Tom Periello: Gubernatorial Candidate

Campbell Haynes '19
Guest Contributor

Tom Perriello speaking to law students. Photo

Tom Perriello speaking to law students. Photo

Donald Trump’s ascension to the Presidency prompted visceral reactions across the country. His supporters felt jubilation and pride that their vision of America had been electorally endorsed. Hillary Clinton supporters woke up on November 9th angry, confused, and saddened by this new reality. Those same supporters have spent the months since the election marching in cities, big and small, across the country, fighting Trump’s executive order at our nation’s airports, and pressuring their legislators over Trump’s cabinet appointments. The election, for many of them, changed everything. 

The election changed everything for Tom Perriello, too. Perriello, a former Congressman from the Charlottesville area, spent 2016 working as a diplomat at the State Department. Politics at home appeared stable, with Hillary Clinton poised to win Virginia and the Presidency, and home state Senator Tim Kaine headed to the White House with her as the Vice President. A Clinton victory would have given Democratic Governor Terry McAuliffe the opportunity to appoint someone to replace Kaine in the Senate. All signs pointed to Rep. Bobby Scott as the likely pick. Scott’s appointment would begin to heal wounds from an ugly past (he would have been the first black Senator in the commonwealth’s history) and help steer Virginia toward a more progressive future. 

And then, against the odds, Trump won. For Tom Perriello, the future of Virginia suddenly looked more precarious. So he quickly—and belatedly—jumped into the Democratic primary for Governor. Perriello is the underdog in the race, as most of the establishment support has already gone to the current Lieutenant Governor, Ralph Northam. But Perriello is no stranger to long odds or difficult fights. In 2008, he upset long-time incumbent Congressman Virgil Goode in the deep-red Fifth District of Virginia. Perriello overcame a double-digit deficit by campaigning on a platform of pragmatic populism and conviction politics. He lost that same seat in the Tea Party wave of 2010, but he ran nearly ten points ahead of other Democrats nationally in part by honestly and painstakingly defending his record and his votes on health care reform, “cap-and-trade,” and the stimulus.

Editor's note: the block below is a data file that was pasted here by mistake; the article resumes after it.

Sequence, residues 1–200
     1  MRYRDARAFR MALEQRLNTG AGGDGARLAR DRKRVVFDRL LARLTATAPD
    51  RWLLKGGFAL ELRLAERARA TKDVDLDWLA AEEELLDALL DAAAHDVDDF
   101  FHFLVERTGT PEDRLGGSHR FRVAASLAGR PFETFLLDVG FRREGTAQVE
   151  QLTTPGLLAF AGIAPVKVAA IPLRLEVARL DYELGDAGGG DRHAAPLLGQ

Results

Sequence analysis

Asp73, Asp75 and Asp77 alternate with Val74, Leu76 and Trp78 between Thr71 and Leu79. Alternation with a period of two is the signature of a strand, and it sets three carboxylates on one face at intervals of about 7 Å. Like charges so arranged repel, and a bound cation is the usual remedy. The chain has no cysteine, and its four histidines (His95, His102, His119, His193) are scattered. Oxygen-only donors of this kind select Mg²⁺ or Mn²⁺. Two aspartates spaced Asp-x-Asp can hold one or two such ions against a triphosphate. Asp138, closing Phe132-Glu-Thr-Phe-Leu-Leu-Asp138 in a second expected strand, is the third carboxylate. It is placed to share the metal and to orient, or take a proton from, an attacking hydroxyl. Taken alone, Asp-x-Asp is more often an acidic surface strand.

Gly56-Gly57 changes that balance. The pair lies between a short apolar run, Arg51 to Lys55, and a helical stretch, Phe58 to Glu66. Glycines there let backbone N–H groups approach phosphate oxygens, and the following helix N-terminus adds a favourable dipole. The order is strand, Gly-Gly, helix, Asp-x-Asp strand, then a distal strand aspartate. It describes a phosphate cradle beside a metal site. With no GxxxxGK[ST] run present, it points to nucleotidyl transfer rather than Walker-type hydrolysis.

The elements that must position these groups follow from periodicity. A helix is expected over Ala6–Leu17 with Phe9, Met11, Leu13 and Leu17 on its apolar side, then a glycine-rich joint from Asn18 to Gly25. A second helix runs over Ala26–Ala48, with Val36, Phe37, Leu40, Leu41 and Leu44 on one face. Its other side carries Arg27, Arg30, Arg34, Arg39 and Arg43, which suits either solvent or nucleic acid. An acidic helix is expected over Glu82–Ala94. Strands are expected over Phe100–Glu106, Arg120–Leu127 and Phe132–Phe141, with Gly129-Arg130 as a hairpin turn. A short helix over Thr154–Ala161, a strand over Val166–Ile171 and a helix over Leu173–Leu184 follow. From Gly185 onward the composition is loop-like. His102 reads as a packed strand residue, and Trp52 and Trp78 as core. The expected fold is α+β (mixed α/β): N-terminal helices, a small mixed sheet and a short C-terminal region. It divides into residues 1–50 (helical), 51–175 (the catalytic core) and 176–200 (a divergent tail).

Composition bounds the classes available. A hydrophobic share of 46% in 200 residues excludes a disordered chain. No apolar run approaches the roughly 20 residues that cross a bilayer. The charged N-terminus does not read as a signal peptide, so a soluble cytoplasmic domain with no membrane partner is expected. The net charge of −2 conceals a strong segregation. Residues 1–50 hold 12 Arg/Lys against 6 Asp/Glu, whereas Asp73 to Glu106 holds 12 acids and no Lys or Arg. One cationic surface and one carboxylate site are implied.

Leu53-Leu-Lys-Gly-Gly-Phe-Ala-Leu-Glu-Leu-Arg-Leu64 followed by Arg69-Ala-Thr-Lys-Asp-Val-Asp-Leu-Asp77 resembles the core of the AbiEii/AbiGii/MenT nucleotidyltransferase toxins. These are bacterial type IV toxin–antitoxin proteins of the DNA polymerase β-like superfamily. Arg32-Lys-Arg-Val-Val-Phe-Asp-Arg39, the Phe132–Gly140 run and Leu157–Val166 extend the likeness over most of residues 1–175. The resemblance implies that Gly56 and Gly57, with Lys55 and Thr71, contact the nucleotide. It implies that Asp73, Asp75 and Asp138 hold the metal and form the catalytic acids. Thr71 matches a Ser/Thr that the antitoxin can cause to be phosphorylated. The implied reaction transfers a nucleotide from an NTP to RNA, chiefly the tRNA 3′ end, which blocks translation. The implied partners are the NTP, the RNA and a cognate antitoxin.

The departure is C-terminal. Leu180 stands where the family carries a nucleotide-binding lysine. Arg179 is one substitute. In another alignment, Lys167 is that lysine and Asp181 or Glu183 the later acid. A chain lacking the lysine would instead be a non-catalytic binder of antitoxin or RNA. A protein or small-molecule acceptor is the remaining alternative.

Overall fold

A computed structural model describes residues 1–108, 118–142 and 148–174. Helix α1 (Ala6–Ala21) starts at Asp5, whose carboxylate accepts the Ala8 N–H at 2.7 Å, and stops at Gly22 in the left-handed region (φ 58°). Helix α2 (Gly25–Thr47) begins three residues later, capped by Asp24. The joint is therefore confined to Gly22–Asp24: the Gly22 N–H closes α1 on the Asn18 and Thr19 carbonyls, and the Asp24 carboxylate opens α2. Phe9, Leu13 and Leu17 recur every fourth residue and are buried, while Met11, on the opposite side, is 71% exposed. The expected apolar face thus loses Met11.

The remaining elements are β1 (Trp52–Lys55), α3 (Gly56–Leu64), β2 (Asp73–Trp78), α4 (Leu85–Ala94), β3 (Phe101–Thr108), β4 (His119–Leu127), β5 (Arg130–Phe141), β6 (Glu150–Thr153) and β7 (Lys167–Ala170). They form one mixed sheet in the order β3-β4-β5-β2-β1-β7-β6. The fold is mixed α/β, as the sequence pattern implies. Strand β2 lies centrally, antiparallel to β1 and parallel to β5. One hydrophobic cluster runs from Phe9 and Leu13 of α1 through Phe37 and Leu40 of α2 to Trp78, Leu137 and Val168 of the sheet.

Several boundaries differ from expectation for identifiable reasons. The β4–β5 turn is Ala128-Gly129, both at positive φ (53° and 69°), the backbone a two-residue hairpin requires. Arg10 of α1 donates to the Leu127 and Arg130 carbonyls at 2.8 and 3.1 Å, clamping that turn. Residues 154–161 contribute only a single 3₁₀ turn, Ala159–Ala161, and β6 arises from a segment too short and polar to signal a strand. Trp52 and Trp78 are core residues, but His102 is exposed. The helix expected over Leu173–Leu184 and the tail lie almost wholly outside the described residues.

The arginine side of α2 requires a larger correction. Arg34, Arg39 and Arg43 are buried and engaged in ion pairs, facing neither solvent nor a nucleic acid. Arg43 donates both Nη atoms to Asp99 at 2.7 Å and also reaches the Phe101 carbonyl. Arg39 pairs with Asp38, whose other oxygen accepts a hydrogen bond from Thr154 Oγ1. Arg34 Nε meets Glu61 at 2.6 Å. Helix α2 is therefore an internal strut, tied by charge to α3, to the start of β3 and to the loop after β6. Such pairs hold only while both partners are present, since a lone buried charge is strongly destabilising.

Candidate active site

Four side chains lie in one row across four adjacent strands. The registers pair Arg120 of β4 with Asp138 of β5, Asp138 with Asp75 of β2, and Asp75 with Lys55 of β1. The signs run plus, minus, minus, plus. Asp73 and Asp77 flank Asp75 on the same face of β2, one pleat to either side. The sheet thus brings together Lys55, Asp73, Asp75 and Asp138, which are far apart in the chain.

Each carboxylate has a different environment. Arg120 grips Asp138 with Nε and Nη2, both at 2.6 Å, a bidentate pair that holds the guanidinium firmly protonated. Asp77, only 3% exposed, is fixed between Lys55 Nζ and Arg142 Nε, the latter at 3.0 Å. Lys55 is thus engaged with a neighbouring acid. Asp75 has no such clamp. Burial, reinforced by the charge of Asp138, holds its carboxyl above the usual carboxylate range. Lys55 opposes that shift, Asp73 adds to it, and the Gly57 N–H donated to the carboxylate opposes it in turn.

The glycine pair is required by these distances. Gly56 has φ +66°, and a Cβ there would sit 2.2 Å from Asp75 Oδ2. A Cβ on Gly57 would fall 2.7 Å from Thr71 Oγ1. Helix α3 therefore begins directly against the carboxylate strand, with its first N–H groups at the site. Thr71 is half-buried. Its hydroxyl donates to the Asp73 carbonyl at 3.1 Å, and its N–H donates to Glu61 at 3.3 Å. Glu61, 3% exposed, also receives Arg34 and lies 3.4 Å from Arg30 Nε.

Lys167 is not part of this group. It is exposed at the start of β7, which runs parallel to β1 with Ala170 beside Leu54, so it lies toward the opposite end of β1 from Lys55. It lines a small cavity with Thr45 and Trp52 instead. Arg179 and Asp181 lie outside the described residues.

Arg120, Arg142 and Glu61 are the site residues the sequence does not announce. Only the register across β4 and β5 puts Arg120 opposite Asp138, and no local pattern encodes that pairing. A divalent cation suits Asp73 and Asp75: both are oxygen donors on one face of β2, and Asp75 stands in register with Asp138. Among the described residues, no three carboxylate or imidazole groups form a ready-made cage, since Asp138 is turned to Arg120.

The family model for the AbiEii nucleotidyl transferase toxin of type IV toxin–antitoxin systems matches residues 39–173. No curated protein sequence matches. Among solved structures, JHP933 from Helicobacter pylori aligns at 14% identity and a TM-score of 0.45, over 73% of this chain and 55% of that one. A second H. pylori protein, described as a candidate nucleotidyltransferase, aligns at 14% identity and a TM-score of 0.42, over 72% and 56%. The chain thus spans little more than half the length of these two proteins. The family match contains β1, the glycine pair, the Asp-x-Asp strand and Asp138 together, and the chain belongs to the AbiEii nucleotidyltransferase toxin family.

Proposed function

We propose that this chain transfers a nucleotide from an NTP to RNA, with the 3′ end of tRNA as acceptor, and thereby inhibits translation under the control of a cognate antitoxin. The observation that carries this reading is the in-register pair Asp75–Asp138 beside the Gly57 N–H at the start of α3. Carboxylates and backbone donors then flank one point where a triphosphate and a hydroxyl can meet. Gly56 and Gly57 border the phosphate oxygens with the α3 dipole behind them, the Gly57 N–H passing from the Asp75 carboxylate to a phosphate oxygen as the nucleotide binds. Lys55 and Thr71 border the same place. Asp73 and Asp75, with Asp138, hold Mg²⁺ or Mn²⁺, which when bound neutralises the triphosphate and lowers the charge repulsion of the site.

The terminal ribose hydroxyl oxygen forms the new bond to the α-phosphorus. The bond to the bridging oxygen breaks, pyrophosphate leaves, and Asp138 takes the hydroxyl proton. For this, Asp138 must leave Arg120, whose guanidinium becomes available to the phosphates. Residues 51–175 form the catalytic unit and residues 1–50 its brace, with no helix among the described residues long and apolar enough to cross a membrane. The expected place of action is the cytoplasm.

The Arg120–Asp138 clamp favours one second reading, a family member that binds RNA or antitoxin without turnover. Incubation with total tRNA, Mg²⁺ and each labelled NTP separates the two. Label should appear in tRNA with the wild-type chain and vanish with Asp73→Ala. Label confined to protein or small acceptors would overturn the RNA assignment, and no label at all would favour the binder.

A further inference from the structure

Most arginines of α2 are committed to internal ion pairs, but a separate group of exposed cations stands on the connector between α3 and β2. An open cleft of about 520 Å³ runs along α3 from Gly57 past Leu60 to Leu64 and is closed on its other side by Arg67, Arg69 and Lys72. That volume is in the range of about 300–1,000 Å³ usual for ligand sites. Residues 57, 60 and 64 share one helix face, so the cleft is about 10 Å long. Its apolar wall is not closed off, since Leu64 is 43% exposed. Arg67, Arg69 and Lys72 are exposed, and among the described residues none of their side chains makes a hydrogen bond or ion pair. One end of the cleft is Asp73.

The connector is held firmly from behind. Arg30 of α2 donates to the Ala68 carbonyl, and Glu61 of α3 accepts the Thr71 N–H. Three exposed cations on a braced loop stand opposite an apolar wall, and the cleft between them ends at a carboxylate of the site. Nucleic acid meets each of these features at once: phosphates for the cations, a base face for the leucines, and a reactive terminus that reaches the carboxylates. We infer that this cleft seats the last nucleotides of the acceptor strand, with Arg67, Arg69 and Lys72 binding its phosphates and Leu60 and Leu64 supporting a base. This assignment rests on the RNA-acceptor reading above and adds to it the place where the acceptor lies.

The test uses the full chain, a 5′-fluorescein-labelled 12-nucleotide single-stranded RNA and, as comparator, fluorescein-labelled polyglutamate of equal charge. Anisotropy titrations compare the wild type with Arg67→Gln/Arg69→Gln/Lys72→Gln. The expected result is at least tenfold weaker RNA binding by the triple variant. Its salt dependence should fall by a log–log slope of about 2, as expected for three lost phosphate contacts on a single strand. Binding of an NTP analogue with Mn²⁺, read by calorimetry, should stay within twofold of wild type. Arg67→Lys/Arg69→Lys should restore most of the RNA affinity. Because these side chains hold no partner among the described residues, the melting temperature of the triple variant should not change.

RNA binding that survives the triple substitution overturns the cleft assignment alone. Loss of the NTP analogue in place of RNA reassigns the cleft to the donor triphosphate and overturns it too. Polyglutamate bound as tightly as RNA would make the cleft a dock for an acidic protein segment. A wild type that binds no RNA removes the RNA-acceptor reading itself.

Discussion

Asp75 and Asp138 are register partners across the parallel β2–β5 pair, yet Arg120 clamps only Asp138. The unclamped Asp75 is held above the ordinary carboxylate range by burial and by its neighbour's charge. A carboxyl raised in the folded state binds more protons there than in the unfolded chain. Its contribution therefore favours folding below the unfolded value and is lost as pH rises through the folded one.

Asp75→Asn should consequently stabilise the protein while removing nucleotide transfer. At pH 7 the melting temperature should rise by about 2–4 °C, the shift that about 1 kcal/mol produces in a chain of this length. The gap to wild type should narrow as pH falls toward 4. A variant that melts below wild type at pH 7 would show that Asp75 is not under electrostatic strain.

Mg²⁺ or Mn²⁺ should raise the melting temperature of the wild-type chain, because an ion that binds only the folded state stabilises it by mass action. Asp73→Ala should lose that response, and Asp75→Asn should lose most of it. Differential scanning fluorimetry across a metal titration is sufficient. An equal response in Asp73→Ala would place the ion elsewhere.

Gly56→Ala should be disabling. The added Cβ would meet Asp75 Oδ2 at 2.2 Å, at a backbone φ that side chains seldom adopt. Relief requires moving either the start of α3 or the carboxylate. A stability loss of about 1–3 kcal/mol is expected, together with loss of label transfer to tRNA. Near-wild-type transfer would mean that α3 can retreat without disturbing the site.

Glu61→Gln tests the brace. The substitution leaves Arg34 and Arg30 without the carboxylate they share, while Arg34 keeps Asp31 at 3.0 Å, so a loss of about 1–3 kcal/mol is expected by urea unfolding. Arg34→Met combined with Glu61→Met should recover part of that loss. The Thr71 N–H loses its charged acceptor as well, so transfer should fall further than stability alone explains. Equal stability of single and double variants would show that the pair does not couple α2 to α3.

Last week, Perriello came to the Law School for an event hosted by the Law Democrats on the future of progressivism in the age of Trump (note: the Law Democrats do not endorse candidates before the conclusion of Democratic primaries). During the event, Perriello fielded an array of difficult, thorny questions from audience members with poise and progressive conviction. He defended a difficult vote he made on abortion as a Congressman and explained his learning process on the issue. He articulated a path forward for Virginia on education that gets the basics right (he pointed to rural schools with leaky roofs) while dreaming big on career and technical education and free community college. He stood up for political compromise, noting that while he is both a progressive and a populist, his career as a diplomat taught him that, sometimes, incremental progress is most achievable. 

     Perriello’s version of populism suggests that one common post-election talking point—that Democrats focused on identity politics too much, at the expense of bread-and-butter issues—is a myth. Perriello speaks the language of the young, diverse, progressive future of the Democratic Party (and of America): his talk featured discussion and dialogue on intersectionality, feminism, the important of the Black Lives Matter movement, and even a reference to the musical, Hamilton (although he’s much more of a fan of Madison). He acknowledged that race and racial politics drove much of Trump’s support, while refusing to give up, as some would have the Democratic Party do, on appealing to the white working class. He supports gun rights and background checks, and his faith motivates his political participation and shapes his worldview. In short, Perriello knows that all politics is identity politics, and will excel at appealing to voters of all identities. 

The Virginia Democratic gubernatorial primary election will be the first referendum of Trump’s presidency. It will also be the first test of whether a new brand of left populism like Perriello’s can compete with Trump’s xenophobic nationalism. Many believe that it cannot. That Medicare-for-All cannot possibly compete with “Build That Wall!” Others believe that, in order to compete going forward, Democrats must become (again) the party of people that hate Comcast, not those who live down the block from Comcast executives. Ultimately, it is refreshing to see a progressive of conviction like Perriello stand up for what many Americans believe in. Virginians—and many Americans—will be watching this primary election eagerly in the months to come.